Twitter anticipates being able to censor only to local readers, and appears to anticipate easy circumvention loopholes. But how can it pick which court orders it will obey? If local courts demand more oppressive local measures and assert global jurisdiction over Twitter's operations, Twitter could have to choose between obedience, local staffers' freedom or jobs, or the indiscriminate blocking that all this is supposed to avoid.
In India, the government bullied RIM into providing intelligence services with access to BlackBerry networks. In China, Yahoo turned in dissidents to the authorities. There are Google executives who will be jailed if they ever show their faces in Italy.
More likely, English courts are in the habit of issuing "superinjunctions" to ban censored media from even disclosing the fact that they've been censored—given its pledge to publish, Twitter may have to choose between its commitment to transparency and avoiding contempt of court.
In his latest interview, Costolo described censorship as a "super-complex issue". When Twitter stops forcing other countries to simply block it, in favour of acting as their willing agents of censorship, he'll find out just how complex it gets.
THE GIFT OF CENSORSHIP
"If Twitter censors, I’ll stop tweeting," wrote Chinese dissident Ai Weiwei.
"I face so much censorship in Sudan as a journalist, you were my free and safe space," wrote Sudanese journalist Reem Shawkat.
It's understandable why foreign activists hate Twitter's new policy: they're the ones who would be silenced by it in their own countries. But that plain fact blurs under our endless capacity for abstraction, in which their political awareness morphs into a demented reflection of our own.
Reuters' Paul Smalera, for example, ordered Twitter's critics to "grow up" and described conspicuous censorship as a "gift" to activists and reporters. Because the blocking will be visible, he said, there is "a crucial distinction from outright censorship."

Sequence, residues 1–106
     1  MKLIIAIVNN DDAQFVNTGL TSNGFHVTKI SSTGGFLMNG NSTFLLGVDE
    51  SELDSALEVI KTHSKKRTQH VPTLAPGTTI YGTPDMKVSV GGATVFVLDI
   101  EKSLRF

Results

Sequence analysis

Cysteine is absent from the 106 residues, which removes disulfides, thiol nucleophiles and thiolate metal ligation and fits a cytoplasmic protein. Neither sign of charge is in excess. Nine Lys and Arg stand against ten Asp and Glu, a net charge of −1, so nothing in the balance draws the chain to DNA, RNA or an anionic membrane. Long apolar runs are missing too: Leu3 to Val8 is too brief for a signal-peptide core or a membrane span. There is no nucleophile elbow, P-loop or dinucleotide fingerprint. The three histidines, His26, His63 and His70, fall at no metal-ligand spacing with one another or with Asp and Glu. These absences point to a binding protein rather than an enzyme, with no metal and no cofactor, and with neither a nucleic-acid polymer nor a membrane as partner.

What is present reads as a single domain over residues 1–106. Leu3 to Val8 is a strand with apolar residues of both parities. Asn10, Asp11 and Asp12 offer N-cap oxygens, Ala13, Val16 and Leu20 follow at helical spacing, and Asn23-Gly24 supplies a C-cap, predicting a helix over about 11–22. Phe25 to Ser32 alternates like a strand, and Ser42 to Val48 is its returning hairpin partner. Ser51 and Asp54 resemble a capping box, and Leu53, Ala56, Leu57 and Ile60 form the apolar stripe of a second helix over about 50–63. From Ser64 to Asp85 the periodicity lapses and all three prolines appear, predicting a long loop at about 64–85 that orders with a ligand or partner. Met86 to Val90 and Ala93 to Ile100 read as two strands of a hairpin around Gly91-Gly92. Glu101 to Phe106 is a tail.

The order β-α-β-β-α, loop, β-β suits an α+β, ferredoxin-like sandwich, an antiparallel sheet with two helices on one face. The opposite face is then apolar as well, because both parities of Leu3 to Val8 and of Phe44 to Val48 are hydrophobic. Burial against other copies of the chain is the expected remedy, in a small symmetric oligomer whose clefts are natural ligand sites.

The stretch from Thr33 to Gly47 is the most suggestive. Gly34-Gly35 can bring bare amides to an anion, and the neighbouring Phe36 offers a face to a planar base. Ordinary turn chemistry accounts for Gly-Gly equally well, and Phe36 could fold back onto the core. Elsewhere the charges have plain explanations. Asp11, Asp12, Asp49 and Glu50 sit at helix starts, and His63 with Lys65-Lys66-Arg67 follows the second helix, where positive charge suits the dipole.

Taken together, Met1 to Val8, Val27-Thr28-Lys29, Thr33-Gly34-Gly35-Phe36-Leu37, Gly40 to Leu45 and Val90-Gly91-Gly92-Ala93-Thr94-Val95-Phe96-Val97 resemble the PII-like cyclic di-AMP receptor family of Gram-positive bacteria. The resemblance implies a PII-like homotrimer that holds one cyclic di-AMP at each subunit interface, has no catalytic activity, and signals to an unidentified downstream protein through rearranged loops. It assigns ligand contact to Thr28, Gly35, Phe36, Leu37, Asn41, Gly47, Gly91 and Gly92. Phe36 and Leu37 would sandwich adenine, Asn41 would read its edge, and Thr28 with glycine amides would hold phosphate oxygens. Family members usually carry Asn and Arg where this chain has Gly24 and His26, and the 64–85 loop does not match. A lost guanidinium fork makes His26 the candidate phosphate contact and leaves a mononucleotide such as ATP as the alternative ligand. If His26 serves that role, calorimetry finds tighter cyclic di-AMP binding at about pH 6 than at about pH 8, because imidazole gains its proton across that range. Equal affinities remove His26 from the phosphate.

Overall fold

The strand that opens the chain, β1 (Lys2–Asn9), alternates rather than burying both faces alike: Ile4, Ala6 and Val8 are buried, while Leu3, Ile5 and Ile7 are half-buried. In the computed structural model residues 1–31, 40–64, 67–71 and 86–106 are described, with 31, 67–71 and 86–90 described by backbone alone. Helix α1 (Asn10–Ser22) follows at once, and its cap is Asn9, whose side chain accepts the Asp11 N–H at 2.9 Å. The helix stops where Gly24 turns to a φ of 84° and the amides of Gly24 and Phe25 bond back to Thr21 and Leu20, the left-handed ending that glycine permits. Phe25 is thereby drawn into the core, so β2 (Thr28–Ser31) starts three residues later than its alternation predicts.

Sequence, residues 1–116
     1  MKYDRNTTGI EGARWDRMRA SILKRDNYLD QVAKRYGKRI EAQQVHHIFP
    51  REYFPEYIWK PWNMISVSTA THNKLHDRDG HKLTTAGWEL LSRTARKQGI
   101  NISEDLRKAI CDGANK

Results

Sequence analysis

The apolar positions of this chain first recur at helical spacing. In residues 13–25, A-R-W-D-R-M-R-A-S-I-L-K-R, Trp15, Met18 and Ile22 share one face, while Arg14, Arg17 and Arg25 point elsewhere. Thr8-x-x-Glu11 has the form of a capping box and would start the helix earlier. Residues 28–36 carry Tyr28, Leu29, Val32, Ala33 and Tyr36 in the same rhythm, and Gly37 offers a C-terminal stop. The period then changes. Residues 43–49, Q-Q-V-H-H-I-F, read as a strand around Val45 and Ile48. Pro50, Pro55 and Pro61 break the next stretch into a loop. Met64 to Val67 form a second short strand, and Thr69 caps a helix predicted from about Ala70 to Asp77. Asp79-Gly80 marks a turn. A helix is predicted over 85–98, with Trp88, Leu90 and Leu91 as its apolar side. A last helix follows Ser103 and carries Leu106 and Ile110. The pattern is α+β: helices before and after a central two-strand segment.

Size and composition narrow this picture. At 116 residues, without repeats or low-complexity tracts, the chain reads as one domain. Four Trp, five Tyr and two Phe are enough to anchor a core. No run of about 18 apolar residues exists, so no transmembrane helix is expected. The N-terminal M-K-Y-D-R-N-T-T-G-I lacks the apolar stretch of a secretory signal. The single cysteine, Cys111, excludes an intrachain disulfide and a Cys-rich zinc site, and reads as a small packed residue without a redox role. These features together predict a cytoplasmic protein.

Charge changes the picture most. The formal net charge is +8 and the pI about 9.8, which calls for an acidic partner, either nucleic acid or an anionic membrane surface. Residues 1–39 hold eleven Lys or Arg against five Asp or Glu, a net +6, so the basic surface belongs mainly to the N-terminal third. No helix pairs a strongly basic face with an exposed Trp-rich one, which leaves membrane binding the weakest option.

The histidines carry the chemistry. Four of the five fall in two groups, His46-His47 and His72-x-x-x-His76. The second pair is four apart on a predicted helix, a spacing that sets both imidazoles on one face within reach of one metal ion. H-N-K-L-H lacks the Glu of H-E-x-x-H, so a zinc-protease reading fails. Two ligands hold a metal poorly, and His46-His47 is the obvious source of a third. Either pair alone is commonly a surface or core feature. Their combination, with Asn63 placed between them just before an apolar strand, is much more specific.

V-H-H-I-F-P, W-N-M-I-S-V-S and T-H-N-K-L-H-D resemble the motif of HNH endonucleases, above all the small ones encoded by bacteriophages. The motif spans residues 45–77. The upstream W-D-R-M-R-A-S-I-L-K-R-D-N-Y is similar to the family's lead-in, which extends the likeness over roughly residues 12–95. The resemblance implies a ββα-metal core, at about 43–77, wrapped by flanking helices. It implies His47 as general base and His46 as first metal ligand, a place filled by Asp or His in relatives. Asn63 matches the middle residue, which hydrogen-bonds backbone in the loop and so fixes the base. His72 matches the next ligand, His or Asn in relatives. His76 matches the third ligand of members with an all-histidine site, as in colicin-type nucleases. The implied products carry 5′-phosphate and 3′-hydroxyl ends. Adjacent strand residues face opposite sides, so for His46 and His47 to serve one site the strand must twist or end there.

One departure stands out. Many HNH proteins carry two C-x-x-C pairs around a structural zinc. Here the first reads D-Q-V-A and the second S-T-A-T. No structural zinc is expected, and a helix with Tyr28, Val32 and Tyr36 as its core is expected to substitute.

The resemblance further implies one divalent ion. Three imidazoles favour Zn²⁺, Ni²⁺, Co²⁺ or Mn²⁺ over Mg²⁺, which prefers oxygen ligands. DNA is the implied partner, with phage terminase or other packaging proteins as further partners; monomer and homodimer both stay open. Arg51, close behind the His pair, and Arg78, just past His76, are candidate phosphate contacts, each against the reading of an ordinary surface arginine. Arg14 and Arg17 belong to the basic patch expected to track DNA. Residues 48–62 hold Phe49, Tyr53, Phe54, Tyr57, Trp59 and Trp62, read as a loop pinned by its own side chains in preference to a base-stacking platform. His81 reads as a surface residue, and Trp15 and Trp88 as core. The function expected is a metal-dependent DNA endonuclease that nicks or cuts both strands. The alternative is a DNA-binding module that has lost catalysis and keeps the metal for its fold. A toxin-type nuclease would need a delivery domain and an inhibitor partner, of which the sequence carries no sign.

This view—that unless a censor can eradicate a message worldwide, it isn't really censorship—strikes me as the point where the danger of Twitter's compromise becomes most apparent. It inoculates our concern for the activist who has been silenced (and for the intended audience who cannot hear him) with our own pointless knowledge of his and their suffering.
Smalera even suggests that a Syrian who learns of being censored by Twitter should be thankful for the "box of shame" it hangs on the Syrian government, as if such a person wouldn't already know that his freedom was limited, and wouldn't already live in fear for his safety.
"I can easily imagine a world where a censored tweet becomes the ultimate protest symbol," Smalera writes. "One that unfortunately deprives the protesters of content, but sends the message to protesters that their worst fears are right, and they ought not give up their fight."
We keep talking of activism as content: it's as privileged a viewpoint as you'll ever get from the silicon tower of tech journalism, where the act of disclosure is more virtuous than having nothing to disclose, and where the West's ethical feather-plucking is more real than the reality of politics in dangerous places.
Silicon Valley seems finally to be learning the lesson that if you sell yourself on virtue, the business will make you eat your words. Twitter's U-turn on censorship teaches it another one: if you take credit for what activists do with your tools, you'll end up eating their words, too.
Thailand’s insane lese majeste laws make it radioactively illegal to criticize the royal family, reflecting a profound insecurity about the legitimacy of the ruling elites there that can only be satisfied through blanket censorship orders whenever one of the royals does something ridiculous, cruel or both (this happens a lot).